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Asked by: Lev
Subject: A question to Harry K. about Laithwaite´s 50lbs Gyro
Question: Hi all!

I have been looking for answer for this seemingly simple but important point without success at all.
As you all know, the "in"famous demo here:

the same thing here:

I am aware that the gyros fully follow Newtons laws.
Gyros have Centrifugal forces just like everything else unlike Laithwate´s sayings.
Gyros can be held at a very large distances from the c.g of the spinning mass just simply because of the TORQUE that is introduced as the gyro precesses, so no problem here holding a 50lbs or any other gyro - from the end point of a 3ft shaft.

So, we can assume that Laithwaite lifted the gyro both times in both the spinning and non spinning state essentially really at the "center of gravity ":

However , there is one point that I cant figure it out:

How come he had a much much harder time "LIFTING" the gyro upwards when it was not spinning.

Keeping in mind that he lifted basically the gyro both times at the effective C.G.
To put it clearer :
1-When it was not spinning: used two hands, much closer to torso for much bigger mechanical advantage, was struggling to lift, didnt lift it high.
2-When it was spinning:used one hand, much further from torso which is worse mechanical disadvantage and lifted it much higher and with far less effort.

What is the reason of this tangible observation?

Date: 3 November 2014
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Answers (Ordered by Date)

Answer: MD - 04/11/2014 01:27:30
 When the gyro was spinning it also stabilized the whole rig, that is, the shaft and the metal disc.

When it wasn't spinning he had to use a lot more muscle force to keep it stabilized. If you want an accurate comparison, try going to a gym and bench press a 40 pound weight. You might not make it. Then move over to a machine where the weight is on a rail. Then you might make it.

It's actually the same weight, but because the machine is on a rail you can ignore all balancing issues and just push.

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Answer: Lev - 04/11/2014 22:39:52
 MD; thanks and I agree. Absolutely a valid point, very true, It is indeed easier to lift a stabilized weight. The question is though : is this the only full answer to why you could lift that gyro so much easier upward? could there be other things too? Even though stabilizing makes it easier to lift. it feels as it was so much of a difference in the two videos. Perhaps really that is though all there is..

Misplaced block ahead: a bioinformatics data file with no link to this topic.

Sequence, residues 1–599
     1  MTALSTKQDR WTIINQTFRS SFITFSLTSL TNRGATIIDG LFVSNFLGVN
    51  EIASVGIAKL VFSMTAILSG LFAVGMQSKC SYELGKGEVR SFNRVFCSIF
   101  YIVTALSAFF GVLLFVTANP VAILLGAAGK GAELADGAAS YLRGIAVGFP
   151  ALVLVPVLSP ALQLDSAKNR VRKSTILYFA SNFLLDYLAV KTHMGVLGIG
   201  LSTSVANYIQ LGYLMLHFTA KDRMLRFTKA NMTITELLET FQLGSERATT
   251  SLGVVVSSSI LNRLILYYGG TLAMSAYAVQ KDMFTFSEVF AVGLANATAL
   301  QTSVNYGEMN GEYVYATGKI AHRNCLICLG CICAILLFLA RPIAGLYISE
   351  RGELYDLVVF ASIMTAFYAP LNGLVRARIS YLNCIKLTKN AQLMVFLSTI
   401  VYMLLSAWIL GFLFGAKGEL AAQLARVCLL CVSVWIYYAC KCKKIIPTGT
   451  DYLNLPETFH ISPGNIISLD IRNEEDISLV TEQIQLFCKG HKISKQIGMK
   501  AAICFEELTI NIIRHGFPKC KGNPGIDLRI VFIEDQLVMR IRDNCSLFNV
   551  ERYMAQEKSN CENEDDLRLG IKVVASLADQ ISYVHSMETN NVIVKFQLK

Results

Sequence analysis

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Answer: Harry K. - 05/11/2014 00:03:44
 Hello Lev,

This example describes the difference between force and torque pretty well. The spinning wheel deflects the vertical acting torque, created by its weight x lever arm length, into a 90° horizontal torque with same size. The weight of the wheel will act directly in the center of horizontal rotation, assumed the person will assist this rotation by giving the degree of freedom. If the person increases this rotation speed, the spinning wheel will move upwards. These effects make it much easier to move a spinning wheel upwards as it would be if the wheel would not spin.
This is a nice demonstration, however, there is no energy saving festure achievable.
Anyway, under certain conditions, there could be indeed a loss of weight. But this is another issue and in the moment I will not explain why it could be. Maybe later... ;-)

Kind regards,

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Answer: Lev - 05/11/2014 07:40:29
 Harry K. thanks. What you described is gyroscopic precession. If you don´t mind, I want to say that thus, I don´t understand how :

"These effects make it much easier to move a spinning wheel upwards as it would be if the wheel would not spin."

Now, how exactly do "these effects" -as you said- make it easier to lift? Only thing I can see is the stabilization effect due to all the spinning, are stabilization "effects" what you meant in the above quote?.

However, my point is if the "ease of lifting" is really just 100% due to simple stabilization of the mass lifted or.., if there is something more going on here? So,pardon me for my slow mind, but would you elaborate on how you meant that these effects(precession) makes it easier to lift? or, perhaps you simply just meant the stabilization effects?


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Answer: Harry K. - 05/11/2014 09:47:07
 Hello Lev,

Yes, I described gyroscopic precession of an overhanging bedded gyroscope / spinning flywheel.
In this case the weight of the spinning flywheel as well as the dead weight of all other involved parts, e.g. lever arm, cages, etc., will cause a downward torque. The size of this downward torque can be calculated by the product of the wheel mass and the lever arm length (other involved dead weight masses are unconsidered). The lever arm length is the distance from the center of spinning mass to the fulcrum (e.g. shoulder joint of the person or the center of mass of the person).

Due to the spinning mass, this created vertical torque will be deflected about 90° into horizontal plane, i.e. the spinning flywheel will not move downward as expected but begins instead to rotate around the same fulcrum but in horizontal plane what is called precession movement. The direction of rotation in horizontal plane depends on the spinning direction of the flywheel. The size of the deflected horizontal torque is identical to the size of vertical torque, created by gravity and lever arm length. The speed of precession movement depends on the mass of the flywheel, lever arm length, spin speed and flywheel diameter and its shape (hope I did not lost something).